There are many ways to prevent commercial grease fires, and it all starts with maintaining cleanliness in your restaurant. If possible, grease cleaning must be done frequently, specifically if your business primarily serves fried food. In addition, you also need to regularly clean exhaust and duct systems with the help of a grease duct access panel.
Types of Commercial Grease Duct Access Doors
The buying decision you make when choosing a grease duct access door can significantly make a difference in the safety of your commercial kitchen. When selecting a grease duct access door, understanding its types and the purpose of each can ultimately help you make the right choice.
The access panel you choose would primarily depend on the type of duct your kitchen has. A round duct would require a circular grease duct panel, while a rectangular duct system would require an access panel in the same form.
If you are in the process of installing a new ductwork system, keep in mind that many business owners prefer round grease ducts due to function, efficiency, structural integrity, and even aesthetics.
Furthermore, ASHRAE has statistically proven that rectangular ducts are more prone to leakage. In their 90.1-2013 Energy Code standard, the committee states that rectangular grease pipes would leak 50% more than the allowance.
Reputable suppliers offer various types, sizes, weights, and UL/ULC grease duct access panels certification. For fire safety reasons, the panels must meet NFPA 96 standard and be fire-rated for up to a certain degree.
As for the materials, the grease duct units are often built with galvanized steel and stainless steel in grades 304 and 316, where they are sometimes welded into the grease duct when necessary. However, the products must be aligned with the NFPA 96 construction standards regardless of the material.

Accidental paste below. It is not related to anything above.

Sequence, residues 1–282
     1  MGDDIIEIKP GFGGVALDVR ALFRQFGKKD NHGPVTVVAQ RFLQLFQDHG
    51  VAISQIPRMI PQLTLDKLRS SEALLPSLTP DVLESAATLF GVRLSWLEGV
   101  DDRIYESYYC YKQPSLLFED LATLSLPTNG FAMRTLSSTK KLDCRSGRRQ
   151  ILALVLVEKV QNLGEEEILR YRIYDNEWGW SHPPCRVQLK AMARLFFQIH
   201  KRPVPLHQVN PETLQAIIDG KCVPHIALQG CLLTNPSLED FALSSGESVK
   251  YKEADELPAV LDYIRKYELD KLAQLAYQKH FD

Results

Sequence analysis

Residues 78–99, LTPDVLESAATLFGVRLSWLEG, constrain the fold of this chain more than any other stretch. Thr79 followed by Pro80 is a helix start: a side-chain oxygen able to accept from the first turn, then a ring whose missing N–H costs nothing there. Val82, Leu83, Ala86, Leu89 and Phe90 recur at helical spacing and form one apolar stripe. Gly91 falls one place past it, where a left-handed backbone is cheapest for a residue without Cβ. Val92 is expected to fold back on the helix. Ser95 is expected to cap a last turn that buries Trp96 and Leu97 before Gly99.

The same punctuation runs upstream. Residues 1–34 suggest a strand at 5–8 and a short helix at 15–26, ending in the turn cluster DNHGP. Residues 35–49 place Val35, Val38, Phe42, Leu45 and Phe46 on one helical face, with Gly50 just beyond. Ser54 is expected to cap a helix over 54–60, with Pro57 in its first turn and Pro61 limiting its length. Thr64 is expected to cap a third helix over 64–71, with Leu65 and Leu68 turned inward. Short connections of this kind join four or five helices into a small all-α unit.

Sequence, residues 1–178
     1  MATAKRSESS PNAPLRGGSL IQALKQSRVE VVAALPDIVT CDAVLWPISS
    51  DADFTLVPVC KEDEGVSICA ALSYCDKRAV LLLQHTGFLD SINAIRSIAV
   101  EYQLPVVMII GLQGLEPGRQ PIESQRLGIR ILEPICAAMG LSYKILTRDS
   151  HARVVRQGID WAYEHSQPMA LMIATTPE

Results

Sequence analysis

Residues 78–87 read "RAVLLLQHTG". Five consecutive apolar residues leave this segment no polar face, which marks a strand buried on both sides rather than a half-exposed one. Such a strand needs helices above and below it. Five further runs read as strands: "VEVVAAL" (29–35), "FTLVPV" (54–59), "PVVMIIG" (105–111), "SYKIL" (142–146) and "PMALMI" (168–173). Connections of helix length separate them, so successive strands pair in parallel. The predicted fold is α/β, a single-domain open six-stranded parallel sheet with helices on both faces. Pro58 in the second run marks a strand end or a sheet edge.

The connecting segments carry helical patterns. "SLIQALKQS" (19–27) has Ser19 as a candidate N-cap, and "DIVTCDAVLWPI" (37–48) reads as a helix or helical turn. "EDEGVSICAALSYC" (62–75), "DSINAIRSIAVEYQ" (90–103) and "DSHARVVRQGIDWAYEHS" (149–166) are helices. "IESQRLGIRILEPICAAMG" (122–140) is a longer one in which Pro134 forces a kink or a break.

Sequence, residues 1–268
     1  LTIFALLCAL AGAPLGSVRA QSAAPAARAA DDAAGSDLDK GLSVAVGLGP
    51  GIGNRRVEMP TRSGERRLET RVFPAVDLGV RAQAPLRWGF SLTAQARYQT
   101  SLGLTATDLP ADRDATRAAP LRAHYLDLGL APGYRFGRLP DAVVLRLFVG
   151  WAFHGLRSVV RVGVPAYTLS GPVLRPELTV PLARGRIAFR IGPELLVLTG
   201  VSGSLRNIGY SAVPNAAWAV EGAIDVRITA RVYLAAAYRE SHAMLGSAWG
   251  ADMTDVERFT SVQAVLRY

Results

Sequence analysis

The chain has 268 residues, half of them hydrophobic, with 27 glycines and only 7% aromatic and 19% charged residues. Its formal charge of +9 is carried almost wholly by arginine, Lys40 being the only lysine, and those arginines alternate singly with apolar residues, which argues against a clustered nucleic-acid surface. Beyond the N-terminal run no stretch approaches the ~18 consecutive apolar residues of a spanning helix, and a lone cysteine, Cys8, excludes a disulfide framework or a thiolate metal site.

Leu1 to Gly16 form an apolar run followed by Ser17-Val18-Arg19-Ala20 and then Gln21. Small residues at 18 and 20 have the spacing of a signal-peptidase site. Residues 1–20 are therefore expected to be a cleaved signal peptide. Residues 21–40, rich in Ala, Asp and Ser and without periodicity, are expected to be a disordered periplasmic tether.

- The access panel must be manufactured in the same thickness as the ductwork.
- The gasket sealants must have a fire rating of at least 1500 degrees.
- Grease tight
- Stainless or carbon steel fasteners
- The fasteners should not puncture the duct walls.
- Easy-open feature and can be opened without the need to use tools.
- Door mounts need to have a secure fit over the opening.
Moreover, the NFPA regulation requires the access openings to be:
- Entry points need to be present every 12 feet and at every turn in the direction of the horizontal ductwork unless the duct tube is large enough for entry.
- Access openings are necessary within 18 inches of hood dampers.
- Openings in vertical ducts must be on every floor or the top of the vertical riser if personnel entry is possible.
- Exhaust fans with ductwork connected to both sides shall have access within three feet (0.92 m) on each side of the fan.
Identifying what your restaurant needs to control grease build-up is crucial in purchasing the right grease duct panel. Maintaining and implementing the above requirements can also help in ensuring the safety of your business and staff.
THE BOTTOM LINE
As a business owner, it’s essential to reduce unnecessary work for your staff while improving fire safety. Replacing your current grease duct opening with a reliable and dedicated access door can significantly speed up the cleaning process and enhance its effectiveness in removing oil build-up.